Essex spends $101M for apartment complex in Downtown Mountain View

Four-story building, developed by Greystar, fetches $616K per unit

Essex Pays $101M for Apartment Complex in Mountain View
Essex Property Trust's Angela Kleiman (Essex Property Trust, Google Maps, GEtty)

Essex Property Trust has picked up a 164-unit apartment complex in Downtown Mountain View for $101 million.

An affiliate of the San Mateo-based real estate investment trust led by Angela Kleiman bought the four-story, mixed-use building at 1030 Castro Street and 801 West El Camino Real, the San Jose Mercury News reported. The seller was South Carolina-based Greystar.

The cash deal between the REIT and the nation’s largest apartment management firm works out to $616,463 per unit, not including the ground-floor shops.

The purchase price was 20.6 percent below the property’s assessed value early last year of $127.7 million.

Greystar developed the Elan Mountain View apartments in 2018. After the sale, Essex renamed the complex ARLO Mountain View.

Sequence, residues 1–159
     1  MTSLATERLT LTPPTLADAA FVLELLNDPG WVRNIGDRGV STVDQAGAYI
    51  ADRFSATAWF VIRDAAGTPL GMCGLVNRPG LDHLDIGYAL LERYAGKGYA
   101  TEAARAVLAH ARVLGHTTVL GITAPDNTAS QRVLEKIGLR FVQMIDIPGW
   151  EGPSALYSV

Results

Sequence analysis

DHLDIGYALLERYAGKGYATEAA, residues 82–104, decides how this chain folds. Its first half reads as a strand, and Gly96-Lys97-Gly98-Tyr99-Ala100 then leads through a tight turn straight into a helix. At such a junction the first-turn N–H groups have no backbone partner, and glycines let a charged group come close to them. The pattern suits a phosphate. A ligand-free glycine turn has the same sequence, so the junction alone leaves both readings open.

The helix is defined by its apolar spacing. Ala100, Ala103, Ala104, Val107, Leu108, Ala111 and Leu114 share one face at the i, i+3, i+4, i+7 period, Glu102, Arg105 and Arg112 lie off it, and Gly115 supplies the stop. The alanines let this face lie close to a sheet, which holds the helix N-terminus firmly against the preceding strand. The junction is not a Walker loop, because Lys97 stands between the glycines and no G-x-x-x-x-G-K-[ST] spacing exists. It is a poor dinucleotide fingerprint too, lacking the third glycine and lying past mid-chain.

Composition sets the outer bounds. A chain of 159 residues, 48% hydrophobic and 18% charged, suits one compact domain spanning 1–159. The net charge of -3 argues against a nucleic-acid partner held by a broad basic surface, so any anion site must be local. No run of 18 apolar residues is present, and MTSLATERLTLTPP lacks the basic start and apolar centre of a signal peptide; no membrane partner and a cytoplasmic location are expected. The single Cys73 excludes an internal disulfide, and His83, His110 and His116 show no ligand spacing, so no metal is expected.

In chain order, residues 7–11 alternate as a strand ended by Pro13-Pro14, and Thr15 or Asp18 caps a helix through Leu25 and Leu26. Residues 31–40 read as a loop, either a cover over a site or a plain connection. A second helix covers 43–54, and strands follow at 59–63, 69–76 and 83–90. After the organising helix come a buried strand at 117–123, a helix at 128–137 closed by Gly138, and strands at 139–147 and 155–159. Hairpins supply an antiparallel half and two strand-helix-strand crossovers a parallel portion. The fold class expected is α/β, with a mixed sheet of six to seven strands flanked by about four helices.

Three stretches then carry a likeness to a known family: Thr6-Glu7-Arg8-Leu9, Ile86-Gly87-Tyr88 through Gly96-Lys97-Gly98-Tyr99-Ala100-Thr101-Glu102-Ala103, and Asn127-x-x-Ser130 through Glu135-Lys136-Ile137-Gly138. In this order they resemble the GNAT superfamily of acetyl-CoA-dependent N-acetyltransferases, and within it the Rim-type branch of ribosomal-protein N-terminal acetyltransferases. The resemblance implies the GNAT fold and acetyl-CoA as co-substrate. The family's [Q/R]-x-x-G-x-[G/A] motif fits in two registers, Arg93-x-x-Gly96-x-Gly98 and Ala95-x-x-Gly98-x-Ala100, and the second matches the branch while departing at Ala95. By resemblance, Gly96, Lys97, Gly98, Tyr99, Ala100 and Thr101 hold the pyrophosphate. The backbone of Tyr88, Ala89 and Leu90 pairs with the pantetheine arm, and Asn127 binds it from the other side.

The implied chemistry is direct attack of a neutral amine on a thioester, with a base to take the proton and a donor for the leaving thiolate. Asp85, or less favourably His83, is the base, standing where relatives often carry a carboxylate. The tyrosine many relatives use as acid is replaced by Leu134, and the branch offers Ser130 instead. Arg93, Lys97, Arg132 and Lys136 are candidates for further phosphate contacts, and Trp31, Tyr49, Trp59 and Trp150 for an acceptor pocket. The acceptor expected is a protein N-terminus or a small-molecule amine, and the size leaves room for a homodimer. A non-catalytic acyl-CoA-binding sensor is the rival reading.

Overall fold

The complex at Castro Street and El Camino Real has studio, one-, two-, and three-bedroom apartments with quartz counters, gas ranges and stainless steel appliances, according to its website.

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It also has a fitness center, clubhouse, business center, BBQ area and several gardens. Rents for the apartments were not disclosed on various apartment listing sites.

Ground-floor shops include Rose International Market, a grocery store; Mr. Sun Tea, a bubble tea and milkshake shop; and Oh Honey Macaron, a bakery, according to the Mercury News.

The sale comes as the Bay Area apartment market is thawing, with private equity firms and family offices buying multifamily properties as some longtime owners cash out, according to The Real Deal.

Essex Property Trust, was founded in 1971 by George Marcus, chairman of Calabasas-based commercial brokerage Marcus & Millichap. 

The publicly owned firm, which focuses on multifamily investments in supply constrained markets, owns 190 apartment complexes in California, including 86 in the Bay Area, plus 59 complexes in Seattle, according to its website.

— Dana Bartholomew

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